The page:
In the past year or so, as I’ve been exploring the topic of effective parenting in more detail, I’m noticing that my POVs on the topic are ideas I don’t see others talk about.
The truth is, many people are parenting their kids from a place of insecurity, and treating their kids like “products” instead of actually doing what’s best for them.
But before I get into it, I want to clarify that I don’t want to tell other people how to raise their children. I don’t have the context. Raising kids is super personal, and I don’t want to give blanket advice.
I’m just sharing my opinions and perspectives as someone who was raised by two incredible parents.
The difficult conversation parents need to have with their kids
Your kid’s life is your kid’s life. They’re the ones ultimately in charge. Sure, there are a lot of other important people (like parents) that surround them, but ultimately, it’s their life.
It’s why I’m pushing kids so hard to do what they want to do, even if it goes against what their parents want.
My intent is not to get kids to be disrespectful to their parents, it’s actually the exact opposite — I want kids and parents to have incredible long term relationships. And if a kid is living their life to win on his or her parents’ terms (instead of their own), they’re going to have resentment later in life once they realize they’re not actually happy.
And that’s going to destroy happiness, for both kids and their parents.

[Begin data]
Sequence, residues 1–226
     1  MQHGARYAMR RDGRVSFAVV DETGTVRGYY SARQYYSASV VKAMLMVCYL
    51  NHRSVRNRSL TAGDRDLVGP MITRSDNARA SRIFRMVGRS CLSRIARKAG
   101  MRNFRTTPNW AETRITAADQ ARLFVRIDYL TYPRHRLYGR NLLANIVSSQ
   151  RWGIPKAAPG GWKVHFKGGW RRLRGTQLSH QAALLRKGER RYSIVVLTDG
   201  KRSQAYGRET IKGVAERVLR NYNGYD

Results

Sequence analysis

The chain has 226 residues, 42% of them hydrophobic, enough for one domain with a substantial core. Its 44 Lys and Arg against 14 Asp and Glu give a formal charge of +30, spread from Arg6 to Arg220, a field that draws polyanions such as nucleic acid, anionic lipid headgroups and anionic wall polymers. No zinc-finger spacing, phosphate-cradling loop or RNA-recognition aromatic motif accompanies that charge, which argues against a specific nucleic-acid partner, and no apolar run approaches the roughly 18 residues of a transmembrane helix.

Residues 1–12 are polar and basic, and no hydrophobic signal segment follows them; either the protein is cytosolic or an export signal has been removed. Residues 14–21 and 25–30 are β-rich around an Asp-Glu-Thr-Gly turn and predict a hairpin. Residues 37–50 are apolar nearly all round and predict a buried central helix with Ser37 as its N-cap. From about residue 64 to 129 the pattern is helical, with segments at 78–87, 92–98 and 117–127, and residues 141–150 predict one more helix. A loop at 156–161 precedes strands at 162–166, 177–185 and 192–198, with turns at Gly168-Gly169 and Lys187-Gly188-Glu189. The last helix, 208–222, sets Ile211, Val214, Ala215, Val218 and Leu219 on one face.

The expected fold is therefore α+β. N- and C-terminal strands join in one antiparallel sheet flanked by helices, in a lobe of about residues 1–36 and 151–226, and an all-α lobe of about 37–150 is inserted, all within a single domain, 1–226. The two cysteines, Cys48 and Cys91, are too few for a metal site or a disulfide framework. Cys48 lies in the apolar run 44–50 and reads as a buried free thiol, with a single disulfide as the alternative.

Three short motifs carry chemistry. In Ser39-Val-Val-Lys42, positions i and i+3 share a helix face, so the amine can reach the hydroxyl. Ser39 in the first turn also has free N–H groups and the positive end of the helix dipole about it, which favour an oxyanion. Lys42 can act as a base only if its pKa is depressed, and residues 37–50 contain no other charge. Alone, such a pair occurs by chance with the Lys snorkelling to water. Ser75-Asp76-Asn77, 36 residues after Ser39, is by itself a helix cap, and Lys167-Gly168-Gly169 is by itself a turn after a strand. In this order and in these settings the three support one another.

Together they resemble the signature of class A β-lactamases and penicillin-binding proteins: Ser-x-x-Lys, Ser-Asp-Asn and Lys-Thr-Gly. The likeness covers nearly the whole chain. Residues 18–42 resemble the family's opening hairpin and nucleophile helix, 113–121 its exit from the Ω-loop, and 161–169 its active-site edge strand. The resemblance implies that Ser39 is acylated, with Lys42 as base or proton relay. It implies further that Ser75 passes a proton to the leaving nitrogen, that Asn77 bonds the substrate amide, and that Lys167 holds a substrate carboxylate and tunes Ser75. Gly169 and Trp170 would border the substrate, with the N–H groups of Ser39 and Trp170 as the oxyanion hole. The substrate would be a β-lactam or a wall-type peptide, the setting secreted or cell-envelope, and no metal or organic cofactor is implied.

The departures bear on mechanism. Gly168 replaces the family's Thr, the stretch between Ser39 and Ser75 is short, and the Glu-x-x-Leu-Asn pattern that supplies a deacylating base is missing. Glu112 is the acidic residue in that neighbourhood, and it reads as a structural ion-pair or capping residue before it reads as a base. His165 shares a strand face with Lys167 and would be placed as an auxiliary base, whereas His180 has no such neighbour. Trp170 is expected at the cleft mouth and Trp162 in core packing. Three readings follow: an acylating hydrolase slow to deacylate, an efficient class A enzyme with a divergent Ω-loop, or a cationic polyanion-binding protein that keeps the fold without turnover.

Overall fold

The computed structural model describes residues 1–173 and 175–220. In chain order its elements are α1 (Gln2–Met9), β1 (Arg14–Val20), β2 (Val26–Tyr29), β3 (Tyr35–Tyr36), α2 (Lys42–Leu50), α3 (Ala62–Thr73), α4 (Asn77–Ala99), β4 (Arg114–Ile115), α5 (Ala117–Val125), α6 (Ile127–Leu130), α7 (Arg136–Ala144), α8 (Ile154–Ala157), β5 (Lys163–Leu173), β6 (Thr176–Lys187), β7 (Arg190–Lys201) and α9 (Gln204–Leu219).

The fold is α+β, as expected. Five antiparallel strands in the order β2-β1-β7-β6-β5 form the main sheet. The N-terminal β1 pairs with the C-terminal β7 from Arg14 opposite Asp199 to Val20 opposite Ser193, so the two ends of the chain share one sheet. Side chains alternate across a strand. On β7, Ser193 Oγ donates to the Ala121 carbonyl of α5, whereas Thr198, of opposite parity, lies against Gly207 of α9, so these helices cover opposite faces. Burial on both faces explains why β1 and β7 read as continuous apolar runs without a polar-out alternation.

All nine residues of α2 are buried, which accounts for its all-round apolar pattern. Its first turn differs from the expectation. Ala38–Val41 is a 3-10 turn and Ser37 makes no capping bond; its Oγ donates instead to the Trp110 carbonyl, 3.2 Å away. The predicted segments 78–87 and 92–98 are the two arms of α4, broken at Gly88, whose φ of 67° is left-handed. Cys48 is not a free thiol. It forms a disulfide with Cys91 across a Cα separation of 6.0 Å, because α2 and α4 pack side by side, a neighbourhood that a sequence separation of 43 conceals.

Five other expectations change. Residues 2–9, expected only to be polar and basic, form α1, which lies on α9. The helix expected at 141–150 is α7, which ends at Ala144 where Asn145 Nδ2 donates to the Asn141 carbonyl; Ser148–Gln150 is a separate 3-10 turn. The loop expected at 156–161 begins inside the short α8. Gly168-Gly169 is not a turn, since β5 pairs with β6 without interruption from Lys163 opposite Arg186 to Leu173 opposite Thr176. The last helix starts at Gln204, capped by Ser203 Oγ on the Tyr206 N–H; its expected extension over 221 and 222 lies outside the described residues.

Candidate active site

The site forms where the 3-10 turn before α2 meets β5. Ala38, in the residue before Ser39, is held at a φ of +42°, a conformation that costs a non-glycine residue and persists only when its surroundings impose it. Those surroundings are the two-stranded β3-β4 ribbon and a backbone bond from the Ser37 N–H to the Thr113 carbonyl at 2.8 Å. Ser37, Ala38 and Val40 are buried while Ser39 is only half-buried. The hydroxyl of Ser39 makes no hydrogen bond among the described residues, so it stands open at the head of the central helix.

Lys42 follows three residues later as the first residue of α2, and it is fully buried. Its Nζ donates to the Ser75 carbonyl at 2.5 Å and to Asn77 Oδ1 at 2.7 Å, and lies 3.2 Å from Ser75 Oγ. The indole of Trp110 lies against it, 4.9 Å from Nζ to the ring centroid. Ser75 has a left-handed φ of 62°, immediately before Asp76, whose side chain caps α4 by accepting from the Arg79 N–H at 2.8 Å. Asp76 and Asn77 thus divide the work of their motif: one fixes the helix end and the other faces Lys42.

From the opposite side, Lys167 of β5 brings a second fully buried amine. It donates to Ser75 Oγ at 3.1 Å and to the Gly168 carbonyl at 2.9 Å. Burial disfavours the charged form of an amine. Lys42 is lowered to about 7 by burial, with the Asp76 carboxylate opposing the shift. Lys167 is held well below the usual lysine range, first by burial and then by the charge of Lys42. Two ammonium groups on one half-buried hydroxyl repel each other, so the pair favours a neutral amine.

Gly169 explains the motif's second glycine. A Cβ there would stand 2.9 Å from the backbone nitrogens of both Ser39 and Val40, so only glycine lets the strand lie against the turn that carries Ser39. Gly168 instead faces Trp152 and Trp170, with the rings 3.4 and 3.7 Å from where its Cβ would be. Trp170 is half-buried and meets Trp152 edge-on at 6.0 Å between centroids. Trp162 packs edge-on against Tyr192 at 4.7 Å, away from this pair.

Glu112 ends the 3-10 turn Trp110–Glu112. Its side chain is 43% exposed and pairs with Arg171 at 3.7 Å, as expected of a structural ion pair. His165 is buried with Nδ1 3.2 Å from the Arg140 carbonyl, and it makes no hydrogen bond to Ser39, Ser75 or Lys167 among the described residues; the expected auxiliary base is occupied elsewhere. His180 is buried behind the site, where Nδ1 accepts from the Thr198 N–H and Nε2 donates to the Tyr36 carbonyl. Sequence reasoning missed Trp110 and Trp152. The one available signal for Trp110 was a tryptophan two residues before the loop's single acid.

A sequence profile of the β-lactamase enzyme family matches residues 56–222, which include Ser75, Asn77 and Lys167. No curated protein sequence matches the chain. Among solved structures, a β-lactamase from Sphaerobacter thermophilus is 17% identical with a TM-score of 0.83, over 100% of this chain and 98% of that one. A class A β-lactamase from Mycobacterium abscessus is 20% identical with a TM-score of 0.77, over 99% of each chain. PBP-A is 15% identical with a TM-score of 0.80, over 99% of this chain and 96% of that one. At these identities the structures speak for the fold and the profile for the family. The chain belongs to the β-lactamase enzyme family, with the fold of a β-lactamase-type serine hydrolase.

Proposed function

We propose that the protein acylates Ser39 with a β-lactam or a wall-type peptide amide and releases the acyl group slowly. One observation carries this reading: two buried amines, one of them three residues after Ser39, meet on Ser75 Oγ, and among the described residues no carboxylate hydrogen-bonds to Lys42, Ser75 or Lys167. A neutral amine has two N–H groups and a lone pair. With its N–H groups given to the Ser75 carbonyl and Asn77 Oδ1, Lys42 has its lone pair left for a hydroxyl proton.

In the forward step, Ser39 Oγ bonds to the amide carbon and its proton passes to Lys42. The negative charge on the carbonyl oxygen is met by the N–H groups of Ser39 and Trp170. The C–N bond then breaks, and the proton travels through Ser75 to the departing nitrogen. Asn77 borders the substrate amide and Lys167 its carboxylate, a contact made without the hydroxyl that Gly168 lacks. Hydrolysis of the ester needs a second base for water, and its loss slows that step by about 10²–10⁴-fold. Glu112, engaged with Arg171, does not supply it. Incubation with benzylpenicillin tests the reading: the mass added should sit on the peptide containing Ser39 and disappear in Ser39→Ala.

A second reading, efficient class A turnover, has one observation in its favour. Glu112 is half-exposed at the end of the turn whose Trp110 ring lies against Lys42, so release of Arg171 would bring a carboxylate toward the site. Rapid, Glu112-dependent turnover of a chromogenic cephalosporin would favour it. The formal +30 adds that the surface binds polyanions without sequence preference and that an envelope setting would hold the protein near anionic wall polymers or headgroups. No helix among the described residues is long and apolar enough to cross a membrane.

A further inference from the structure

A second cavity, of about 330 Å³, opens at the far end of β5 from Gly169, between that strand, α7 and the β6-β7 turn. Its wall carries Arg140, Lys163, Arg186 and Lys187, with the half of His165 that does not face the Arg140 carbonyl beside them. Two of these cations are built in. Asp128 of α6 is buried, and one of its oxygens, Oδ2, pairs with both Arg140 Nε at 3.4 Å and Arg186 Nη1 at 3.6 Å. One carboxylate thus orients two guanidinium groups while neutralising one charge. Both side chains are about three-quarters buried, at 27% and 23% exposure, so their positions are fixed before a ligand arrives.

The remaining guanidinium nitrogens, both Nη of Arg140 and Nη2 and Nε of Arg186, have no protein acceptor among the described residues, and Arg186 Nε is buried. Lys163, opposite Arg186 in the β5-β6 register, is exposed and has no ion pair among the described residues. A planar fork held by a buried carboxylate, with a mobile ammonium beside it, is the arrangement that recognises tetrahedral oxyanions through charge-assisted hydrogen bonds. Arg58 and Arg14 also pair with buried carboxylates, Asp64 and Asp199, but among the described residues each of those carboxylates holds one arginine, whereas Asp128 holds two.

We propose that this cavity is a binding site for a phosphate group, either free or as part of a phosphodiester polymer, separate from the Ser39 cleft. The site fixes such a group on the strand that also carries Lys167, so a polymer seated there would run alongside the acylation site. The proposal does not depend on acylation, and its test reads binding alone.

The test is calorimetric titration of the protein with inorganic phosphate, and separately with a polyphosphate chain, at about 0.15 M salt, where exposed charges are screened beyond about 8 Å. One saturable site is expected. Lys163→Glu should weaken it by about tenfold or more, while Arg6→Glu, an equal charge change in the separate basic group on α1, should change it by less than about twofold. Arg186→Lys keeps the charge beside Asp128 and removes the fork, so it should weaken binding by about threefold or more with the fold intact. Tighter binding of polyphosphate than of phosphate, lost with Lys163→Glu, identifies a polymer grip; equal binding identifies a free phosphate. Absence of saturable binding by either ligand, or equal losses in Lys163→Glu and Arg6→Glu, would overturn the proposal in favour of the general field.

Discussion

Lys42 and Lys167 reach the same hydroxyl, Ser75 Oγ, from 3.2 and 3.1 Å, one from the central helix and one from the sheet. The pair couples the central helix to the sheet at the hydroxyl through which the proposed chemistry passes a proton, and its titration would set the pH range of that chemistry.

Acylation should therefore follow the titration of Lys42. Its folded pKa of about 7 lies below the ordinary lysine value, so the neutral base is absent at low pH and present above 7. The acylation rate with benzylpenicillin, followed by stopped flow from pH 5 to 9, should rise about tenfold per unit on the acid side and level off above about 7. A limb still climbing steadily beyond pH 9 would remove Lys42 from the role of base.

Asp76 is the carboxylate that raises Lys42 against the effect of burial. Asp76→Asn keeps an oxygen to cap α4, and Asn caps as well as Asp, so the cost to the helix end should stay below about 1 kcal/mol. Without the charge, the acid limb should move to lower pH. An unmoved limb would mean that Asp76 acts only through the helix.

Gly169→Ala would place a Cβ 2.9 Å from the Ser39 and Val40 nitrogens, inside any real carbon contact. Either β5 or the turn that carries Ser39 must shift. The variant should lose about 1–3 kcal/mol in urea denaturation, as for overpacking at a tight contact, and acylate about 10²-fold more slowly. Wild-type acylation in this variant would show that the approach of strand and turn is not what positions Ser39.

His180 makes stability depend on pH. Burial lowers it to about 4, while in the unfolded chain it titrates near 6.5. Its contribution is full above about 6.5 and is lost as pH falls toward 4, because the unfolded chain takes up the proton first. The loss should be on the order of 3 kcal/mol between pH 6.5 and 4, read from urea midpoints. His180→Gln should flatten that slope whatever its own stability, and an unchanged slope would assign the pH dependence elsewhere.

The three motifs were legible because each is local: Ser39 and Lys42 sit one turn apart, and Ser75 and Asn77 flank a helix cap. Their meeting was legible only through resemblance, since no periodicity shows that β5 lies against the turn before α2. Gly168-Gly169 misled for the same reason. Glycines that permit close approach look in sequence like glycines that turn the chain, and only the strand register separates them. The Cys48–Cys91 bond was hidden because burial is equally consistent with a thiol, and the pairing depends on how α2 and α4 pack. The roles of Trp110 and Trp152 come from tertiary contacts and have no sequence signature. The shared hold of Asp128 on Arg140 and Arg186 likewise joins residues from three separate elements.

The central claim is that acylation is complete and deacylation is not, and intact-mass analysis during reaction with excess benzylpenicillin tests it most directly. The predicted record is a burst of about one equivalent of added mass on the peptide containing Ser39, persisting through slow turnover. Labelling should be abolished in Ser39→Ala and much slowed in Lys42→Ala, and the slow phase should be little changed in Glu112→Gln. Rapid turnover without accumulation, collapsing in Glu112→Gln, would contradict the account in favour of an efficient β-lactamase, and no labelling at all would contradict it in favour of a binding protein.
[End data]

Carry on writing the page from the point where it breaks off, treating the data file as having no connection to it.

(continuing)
1. Allow your child to feel like they can achieve what they want – without handing out “eighth place trophies.”
It doesn’t matter if your kids want to be music producers or basketball players or anything else.
As a parent, creating “permission” is an important idea. If you as a parent, say “yes, you can do this”, it’s a big deal and will make a huge difference in how much they believe in themselves.
It’s how my mom treated me, and it’s how I treat my employees. When I hire someone, I’m incredibly positive and blindly believe in their potential. I’ll trust them to execute. I’ll hype them up and encourage them as much as I can.
But at the same time, I balance that with not handing out “eighth place trophies.”
If your kids want to be producers and they put something out on YouTube and everyone says it sucks, you look at them and say “the market said you suck — let’s try again.” It’s a balance between having blind faith in them and their abilities, but at the same time, letting the results be the results.
It’s stunning to me how many parents do the reverse. So many tell their kid that they probably won’t be a great soccer player, but tell them they “did a great job” when they go on the field and lose 8 – 0.
Many parents don’t understand the idea that you can hold kids accountable for losses and mistakes without making them feel bad about who they are. For example… my mom never made me feel bad about not being good at school. I never felt like I sucked for not being a good student. But I did get grounded every time my report card came out. My mom made it clear that there was a price to be paid for not delivering good grades. And if I didn’t deliver, I had to pay that price.
It was encouragement balanced with practicality. It’s important to create “friction” between the two to put the kids in a good position to win.